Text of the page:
Lida was busy taking calls and then she had to spend some time with a sculptor who was making a clay likeness of Lida’s head. We chatted to her sons and after a little while Lida arrived completely unflustered, and calmly apologised for keeping us waiting. Then she settled herself in front of the huge piece of Portland stone and began to talk us through the composition and placement of the letters for the new Blake headstone. 

Letters drawn on stone:
Lines from William Blake’s ‘Jerusalem, the Emanation of the Giant Albion’
Photograph: James Murray-White © 2018

 

It was a joy to chat with her while she drew on the words, rubbed them off, drew them on again, rubbed them off again, put them on again, brandishing her specially cut pencils like magic wands. I was deeply gratified to see that she worked in exactly the same way as I did, writing and erasing, moving the words up, moving them down, erasing the whole lot and starting again. It gave me such a thrill to realise that I had been creating in exactly the same way as this highly skilled artist, but had thought myself incompetent because of all the erasing and re-drawing.

Where work takes as long as it takes

At break time everyone in the building stopped and met around a large refectory style wooden table where drinks had been prepared to everyone’s direction and a tin of biscuits was passed round. Amid plenty of convivial conversation and laughter, some of us tackled the Telegraph crossword and after half an hour, without a bell ringing or a word spoken, the company broke up to continue work. It was like a well oiled, well maintained machine that could run and run because nothing was over worked or stressed but all worked together like a beautiful clock. 

In the highly stressed, highly mechanised world we live in, it is a delight to visit crafts people and artists like this, where work takes as long as it takes and people are allowed as much time as is necessary to do their work to their highest potential. Without a doubt William Blake would have loved this place.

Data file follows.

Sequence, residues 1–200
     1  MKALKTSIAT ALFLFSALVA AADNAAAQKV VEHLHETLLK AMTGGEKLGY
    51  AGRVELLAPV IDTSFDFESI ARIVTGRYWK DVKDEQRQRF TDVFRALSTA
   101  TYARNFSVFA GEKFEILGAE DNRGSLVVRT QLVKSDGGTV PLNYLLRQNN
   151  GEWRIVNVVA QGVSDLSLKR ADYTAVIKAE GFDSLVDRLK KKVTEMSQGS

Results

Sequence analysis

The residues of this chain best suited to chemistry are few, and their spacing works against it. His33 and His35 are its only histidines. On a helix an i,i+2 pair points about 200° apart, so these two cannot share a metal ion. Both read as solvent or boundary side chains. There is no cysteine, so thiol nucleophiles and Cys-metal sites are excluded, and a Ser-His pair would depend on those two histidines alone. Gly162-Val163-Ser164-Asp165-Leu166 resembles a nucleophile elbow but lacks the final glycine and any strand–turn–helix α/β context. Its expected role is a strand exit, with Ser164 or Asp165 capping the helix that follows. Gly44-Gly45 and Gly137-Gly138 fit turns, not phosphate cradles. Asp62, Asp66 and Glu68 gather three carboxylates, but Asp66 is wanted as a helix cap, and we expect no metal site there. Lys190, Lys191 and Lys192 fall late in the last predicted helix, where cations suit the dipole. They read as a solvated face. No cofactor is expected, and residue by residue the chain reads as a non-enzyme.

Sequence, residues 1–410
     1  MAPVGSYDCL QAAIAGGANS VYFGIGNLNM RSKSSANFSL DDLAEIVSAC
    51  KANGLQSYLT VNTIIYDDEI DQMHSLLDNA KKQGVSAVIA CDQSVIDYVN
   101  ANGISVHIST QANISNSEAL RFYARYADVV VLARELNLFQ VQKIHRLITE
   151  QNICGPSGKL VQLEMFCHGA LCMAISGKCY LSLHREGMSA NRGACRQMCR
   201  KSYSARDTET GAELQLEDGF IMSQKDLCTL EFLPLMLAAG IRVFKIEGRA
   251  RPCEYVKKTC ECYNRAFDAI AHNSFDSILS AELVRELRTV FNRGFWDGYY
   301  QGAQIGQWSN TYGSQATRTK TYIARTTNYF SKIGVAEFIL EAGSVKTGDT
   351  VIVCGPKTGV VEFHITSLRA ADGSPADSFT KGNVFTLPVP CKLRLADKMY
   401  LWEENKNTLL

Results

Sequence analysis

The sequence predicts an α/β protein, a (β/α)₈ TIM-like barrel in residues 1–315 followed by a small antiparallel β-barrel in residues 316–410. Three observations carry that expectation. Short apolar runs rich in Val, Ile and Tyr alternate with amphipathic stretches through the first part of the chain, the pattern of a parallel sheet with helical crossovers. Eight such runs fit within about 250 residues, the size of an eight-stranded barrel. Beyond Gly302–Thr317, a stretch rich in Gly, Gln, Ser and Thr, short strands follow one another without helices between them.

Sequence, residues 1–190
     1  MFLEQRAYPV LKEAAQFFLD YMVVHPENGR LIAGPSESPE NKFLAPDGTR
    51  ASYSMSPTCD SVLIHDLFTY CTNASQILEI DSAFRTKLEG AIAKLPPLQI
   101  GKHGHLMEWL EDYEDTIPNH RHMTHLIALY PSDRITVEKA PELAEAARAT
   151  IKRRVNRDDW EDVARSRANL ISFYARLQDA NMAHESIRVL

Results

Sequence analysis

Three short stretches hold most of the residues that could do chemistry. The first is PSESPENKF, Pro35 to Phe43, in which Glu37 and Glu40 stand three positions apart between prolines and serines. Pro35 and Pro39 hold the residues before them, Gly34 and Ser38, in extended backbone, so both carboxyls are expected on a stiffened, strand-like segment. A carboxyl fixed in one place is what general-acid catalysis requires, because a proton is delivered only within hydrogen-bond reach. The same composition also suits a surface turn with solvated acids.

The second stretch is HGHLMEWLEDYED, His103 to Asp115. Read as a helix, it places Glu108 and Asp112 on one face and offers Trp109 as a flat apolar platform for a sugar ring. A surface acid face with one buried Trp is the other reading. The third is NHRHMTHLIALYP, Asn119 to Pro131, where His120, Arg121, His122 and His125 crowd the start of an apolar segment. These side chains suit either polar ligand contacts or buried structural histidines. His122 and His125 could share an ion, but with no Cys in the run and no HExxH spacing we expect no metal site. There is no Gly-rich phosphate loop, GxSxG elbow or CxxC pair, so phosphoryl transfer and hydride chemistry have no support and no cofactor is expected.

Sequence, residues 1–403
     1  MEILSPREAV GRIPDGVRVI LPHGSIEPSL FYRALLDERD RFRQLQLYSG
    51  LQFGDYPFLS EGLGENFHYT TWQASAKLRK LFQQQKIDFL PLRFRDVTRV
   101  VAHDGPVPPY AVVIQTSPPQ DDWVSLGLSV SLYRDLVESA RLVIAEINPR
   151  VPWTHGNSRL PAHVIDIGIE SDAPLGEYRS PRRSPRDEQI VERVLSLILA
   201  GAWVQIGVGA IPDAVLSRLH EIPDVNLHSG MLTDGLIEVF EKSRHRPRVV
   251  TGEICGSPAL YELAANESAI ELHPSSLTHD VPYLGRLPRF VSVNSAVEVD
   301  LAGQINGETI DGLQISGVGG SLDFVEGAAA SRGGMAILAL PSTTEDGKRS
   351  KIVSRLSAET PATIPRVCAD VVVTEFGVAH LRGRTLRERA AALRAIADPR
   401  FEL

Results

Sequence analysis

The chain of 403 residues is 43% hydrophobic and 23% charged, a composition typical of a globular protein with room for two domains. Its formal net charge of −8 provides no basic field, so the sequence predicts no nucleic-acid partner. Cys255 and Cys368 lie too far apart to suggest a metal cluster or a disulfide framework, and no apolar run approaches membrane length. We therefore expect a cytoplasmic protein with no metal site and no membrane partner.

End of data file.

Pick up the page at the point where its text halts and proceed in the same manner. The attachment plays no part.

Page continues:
Since our visit, Lida has moved on to the cutting of the letters — a truly significant moment for the project of bringing William Blake’s new headstone to creation, and one which Finding Blake has been proud to document in these photos — with video footage to follow.

Lida Kindersley cutting the letters into Blake’s new headstone
Photograph: James Murray-White © 2018

 


Notes

Linda Richardson is an artist. Based in Cambridge, England, she makes work that engages the imagination and intuition and tries to make a creative space for the viewer to connect their inner nature with their outer nature to form ideas that are not rooted in convention, reason or rationality. However neither are they pure fantasy that provides and escape from humdrum life. Linda wants instead to awaken the senses to the beauty and wonder of the world in which we live, to activate the attention to the mystery of the human experience.

In a later post — coming soon — James Murray-White will summarise the whole process whereby Lida is creating the new headstone for William Blake, with further posts looking in more detail at some of the main steps.

You can find out more about the Cardozo Kindersley workshop in Cambridge at their website, and the publication Linda that mentioned: Letters Slate Cut – workshop philosophy and practice in the making of letters.

There is a series of readings of the full text of Blake’s Jerusalem, the Emanation of the Giant Albion on YouTube — part of a series of readings to be found in the Blake Society’s Voice pages, although this one was missing at the time of writing. As always, Wikipedia has an informative page on this book, “the last, longest and greatest in scope of the prophetic books written and illustrated by the English poet, artist and engraver William Blake,” which is not connected with Blake’s more famous poem Jerusalem.